Herbicide application is one of the most widely used weed management tools. Though herbicides are effective at killing plants (specifically weeds), their application can result in variable levels of control, and uptake rates, as well as damage to non-target plants (i.e. off-target damage). The effectiveness of herbicide application in the field is typi- cally assessed using visual estimations of the level of damage observed, either to individual leaves or whole plants, using a series of pre-determined categories (e.g. <25% leaf burn) over time, following application. Such visual assessments can result in inconsistencies and only provide information on the effectiveness of the herbicide application, as opposed to the ability of the target species to tolerate the herbicide. In countless instances, the weed is not killed by the herbicide application, and thus information is also needed on how it responds to being damaged, but not killed. Here, we outline how several commercially available tools can be used to increase rigor into field- based assessments of herbicide effec- tiveness. First, we determined the leaf area using leaf area software, and then used software to differentiate between healthy (green) and damaged (brown) areas/parts of the leaf. By taking repeat measurements of individual leaves over time following herbicide application, we determined the changes occurring on the leaf surface/lamina, as an accurate measure (i.e. proportion of the leaf that is damaged), rather than visual estimates of the change observed. We used addi- tional tools to assess the chlorophyll content, photochemical index, and stomatal conductance of the leaf over time following herbicide application. The results from this trial on four weed species showed that these tools provide greater accuracy for assessing herbicide damage than visual observation alone, especially when combined, as well as how leaf function changes in relation to herbicide damage. Though the use of these tools may not be suitable for many and managers, the use of digital photos and leaf area software is more effective than visual observation and should be considered as a viable alternative.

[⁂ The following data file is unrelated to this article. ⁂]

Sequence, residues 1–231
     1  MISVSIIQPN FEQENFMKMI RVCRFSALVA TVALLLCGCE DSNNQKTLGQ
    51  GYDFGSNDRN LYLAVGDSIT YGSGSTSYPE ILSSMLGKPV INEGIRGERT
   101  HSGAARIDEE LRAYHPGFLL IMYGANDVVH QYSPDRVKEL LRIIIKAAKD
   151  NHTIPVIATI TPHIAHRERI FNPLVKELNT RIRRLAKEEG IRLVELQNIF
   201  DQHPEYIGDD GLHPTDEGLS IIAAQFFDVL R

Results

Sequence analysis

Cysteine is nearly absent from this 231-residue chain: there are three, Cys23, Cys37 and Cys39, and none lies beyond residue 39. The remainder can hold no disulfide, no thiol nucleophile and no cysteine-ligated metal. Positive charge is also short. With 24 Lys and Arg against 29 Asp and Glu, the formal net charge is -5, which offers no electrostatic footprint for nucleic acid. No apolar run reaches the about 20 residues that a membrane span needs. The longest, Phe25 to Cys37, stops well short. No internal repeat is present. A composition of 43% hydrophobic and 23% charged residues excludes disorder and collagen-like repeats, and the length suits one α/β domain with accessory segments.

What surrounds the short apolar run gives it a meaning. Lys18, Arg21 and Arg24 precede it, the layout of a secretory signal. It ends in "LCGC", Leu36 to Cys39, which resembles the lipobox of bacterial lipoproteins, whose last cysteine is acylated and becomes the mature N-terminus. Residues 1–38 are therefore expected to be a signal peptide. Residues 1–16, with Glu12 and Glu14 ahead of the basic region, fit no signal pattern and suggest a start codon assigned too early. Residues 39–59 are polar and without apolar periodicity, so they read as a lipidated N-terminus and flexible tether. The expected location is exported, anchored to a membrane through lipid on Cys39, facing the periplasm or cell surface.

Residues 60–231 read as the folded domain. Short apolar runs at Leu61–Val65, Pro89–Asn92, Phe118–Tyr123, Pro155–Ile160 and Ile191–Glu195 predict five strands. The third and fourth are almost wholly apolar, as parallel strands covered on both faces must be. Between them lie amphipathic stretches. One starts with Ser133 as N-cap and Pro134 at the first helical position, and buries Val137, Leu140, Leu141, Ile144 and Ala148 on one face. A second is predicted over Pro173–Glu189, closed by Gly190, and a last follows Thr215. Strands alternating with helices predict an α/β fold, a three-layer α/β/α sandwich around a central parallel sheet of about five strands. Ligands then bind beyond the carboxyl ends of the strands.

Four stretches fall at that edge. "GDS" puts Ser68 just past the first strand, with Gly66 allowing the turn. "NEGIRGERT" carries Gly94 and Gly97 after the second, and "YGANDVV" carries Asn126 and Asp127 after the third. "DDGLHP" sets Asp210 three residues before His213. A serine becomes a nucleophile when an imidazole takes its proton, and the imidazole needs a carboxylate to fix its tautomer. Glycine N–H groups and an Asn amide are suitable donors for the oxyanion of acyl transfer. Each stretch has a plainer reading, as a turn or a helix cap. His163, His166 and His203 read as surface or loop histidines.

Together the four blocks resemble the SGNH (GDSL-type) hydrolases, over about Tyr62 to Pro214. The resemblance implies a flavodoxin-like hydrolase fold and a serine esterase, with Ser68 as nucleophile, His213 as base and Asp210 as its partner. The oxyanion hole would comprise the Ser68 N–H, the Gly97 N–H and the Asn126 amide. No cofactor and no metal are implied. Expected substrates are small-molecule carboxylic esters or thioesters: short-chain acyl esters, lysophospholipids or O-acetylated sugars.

Cite this article as:
Sea, W.B., Sykes, N. and Downey, P.O. (2013). An assessment of the physiological response of weeds to herbicide application. Plant Protection Quarterly 28(4), 132-8.